Friday, 24 October 2014
Two Reviews of Rats from John Hudspith and Brian Keaney
A novel of ideas with the plot of a thriller, Rats is set in a post-apocalyptic world where feral groups of survivors struggle to stay alive amid the remnants of half-forgotten technology. Think The Knife Of Never Letting Go meetsThe Tribe. It's got pace, energy and loads of attitude but what marks this out from the run-of-the-mill dystopian fare is the voice. Here is an author whose sheer delight in language leaps off the page.
Brian Keaney is an author of mainly young adult fiction, such as The Magical Detectives Series and The Nathaniel Wolfe Series. He currently resides in London where he continues work as an author.
Review by John Hudspith
Her born name’s Cassandra, her clan name’s Bitch Singer of the WhipTails, she answers to Bit, and JW Hicks has dumped her in 2040 and the wasteland that is Cardiff, where books are burned and moon-silvered aircraft spit gobs of electric-blue phlegm at any on the ground who dare to brave the open.
Rats is a composition of fine art, a treasure-bag bulging with succulent gems, yet there’s one gem that stands out above them all, and that’s the distinctly beautiful narrative; a voice so unique, so mesmeric, it is with pleasurable ease one succumbs to the gifted pull of gold-plated wordsmithery. There’s no option but to slide into this dystopian nightmare, where twenty-year-old Bit is dragged through the mother of all mills as she fights for food, shelters with the nameless, makes friends with a ferret, dodges wasp-like fly-bys and craft looming like midnight-icebergs, battles with torturous techs and fights her way to the top at the New Games with Spartax’s Ravens - where to kill is to win.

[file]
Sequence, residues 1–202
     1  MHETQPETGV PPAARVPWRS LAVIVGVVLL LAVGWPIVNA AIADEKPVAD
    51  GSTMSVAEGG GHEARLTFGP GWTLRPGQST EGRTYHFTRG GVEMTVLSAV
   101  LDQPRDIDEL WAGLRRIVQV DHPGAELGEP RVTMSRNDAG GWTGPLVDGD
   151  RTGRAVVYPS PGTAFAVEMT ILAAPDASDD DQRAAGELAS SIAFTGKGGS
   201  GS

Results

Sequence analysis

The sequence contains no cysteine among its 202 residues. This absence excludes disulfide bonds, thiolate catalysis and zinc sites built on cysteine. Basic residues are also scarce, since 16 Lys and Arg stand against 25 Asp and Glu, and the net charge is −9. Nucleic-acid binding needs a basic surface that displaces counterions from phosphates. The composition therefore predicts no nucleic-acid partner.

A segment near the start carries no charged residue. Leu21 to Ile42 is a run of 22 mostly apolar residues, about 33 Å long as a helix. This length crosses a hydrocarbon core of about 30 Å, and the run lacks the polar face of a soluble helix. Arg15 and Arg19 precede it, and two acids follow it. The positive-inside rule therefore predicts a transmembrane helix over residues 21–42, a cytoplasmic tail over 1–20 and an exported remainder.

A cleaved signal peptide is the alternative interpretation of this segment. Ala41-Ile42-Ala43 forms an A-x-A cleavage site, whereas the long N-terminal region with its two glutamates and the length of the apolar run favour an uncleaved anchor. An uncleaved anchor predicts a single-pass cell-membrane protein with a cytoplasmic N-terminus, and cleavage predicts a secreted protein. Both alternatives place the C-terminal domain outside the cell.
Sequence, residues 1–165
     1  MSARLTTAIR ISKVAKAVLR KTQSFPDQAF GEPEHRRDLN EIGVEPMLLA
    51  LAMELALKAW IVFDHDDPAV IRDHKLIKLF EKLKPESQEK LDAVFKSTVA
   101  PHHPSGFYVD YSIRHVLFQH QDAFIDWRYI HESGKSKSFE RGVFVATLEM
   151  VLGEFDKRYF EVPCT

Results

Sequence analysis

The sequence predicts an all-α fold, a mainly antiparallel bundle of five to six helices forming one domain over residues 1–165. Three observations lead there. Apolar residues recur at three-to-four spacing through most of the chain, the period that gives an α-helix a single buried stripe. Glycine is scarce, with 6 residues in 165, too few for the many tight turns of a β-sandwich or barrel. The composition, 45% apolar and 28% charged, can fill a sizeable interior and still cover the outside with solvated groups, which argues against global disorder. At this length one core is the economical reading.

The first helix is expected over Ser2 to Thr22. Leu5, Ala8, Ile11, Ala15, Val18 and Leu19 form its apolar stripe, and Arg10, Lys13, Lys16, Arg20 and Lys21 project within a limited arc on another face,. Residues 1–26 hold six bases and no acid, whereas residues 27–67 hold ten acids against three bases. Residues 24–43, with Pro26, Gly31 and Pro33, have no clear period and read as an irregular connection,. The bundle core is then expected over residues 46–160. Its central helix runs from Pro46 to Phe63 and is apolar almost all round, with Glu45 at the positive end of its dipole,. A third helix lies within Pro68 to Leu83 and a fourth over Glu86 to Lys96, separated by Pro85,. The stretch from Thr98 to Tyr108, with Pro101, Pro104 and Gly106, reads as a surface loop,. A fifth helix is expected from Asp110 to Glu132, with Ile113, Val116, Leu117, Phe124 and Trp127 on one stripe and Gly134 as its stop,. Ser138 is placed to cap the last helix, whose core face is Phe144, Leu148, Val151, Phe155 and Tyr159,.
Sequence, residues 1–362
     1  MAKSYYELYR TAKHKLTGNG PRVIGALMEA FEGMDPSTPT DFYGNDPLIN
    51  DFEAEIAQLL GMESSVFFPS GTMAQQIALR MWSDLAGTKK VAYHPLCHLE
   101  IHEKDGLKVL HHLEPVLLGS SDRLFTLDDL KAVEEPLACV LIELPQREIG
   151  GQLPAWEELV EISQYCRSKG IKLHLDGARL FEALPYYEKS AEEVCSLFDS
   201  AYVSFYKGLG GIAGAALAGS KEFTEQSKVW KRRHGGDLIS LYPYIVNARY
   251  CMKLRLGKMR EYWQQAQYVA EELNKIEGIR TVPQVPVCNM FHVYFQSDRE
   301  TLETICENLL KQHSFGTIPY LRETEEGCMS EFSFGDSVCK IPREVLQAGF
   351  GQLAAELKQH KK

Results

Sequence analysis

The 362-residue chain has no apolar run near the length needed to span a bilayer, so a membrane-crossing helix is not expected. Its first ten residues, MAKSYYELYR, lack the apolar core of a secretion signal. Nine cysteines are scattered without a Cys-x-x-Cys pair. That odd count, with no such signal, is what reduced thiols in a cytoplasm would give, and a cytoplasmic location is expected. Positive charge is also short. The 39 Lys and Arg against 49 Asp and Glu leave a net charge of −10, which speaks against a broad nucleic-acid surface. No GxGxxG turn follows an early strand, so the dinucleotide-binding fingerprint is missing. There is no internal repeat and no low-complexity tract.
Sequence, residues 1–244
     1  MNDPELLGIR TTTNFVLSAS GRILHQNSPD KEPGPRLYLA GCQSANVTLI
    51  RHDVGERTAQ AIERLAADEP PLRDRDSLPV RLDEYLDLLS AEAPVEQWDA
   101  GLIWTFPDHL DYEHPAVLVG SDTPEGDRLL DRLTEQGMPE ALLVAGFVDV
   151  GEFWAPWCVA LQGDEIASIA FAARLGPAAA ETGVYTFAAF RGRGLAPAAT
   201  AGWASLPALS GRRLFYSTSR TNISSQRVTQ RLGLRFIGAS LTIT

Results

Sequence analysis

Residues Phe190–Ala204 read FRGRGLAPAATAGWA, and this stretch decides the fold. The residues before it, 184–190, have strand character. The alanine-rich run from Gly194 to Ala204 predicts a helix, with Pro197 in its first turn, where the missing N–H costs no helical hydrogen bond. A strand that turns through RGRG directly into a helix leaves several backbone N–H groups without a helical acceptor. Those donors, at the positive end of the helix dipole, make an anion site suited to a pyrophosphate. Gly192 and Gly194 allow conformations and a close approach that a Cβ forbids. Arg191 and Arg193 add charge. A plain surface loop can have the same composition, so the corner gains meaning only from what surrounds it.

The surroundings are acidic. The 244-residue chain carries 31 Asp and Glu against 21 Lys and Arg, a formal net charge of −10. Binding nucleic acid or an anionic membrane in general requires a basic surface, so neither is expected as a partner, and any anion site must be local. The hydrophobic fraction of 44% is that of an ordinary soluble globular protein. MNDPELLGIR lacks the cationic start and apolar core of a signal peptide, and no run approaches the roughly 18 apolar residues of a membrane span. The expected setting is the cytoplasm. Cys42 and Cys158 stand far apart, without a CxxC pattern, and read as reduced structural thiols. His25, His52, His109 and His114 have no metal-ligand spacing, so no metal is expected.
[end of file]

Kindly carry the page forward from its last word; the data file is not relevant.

A narrative voice so frinking fresh it keeps on singing to you long after you’ve put the book down. I can’t give too much away about the story, but what I can say is that the surprises never stop coming in this perfectly-paced, ingeniously-structured masterpiece of storytelling.
Hicks is a word-wizard and image-invoker extraordinaire, and Rats is a memorable tale of storytelling genius; one of those books that jumps unbidden onto your favourites list. A rare treat. I suspect JW Hicks could be Dylan Thomas reincarnate.
I’ll award Rats not a penny less of full stars, and give gracious thanks that such a talented writer exists.
John Hudspith, editor and author of the Kimi novels.
Read an interview with JW Hicks here.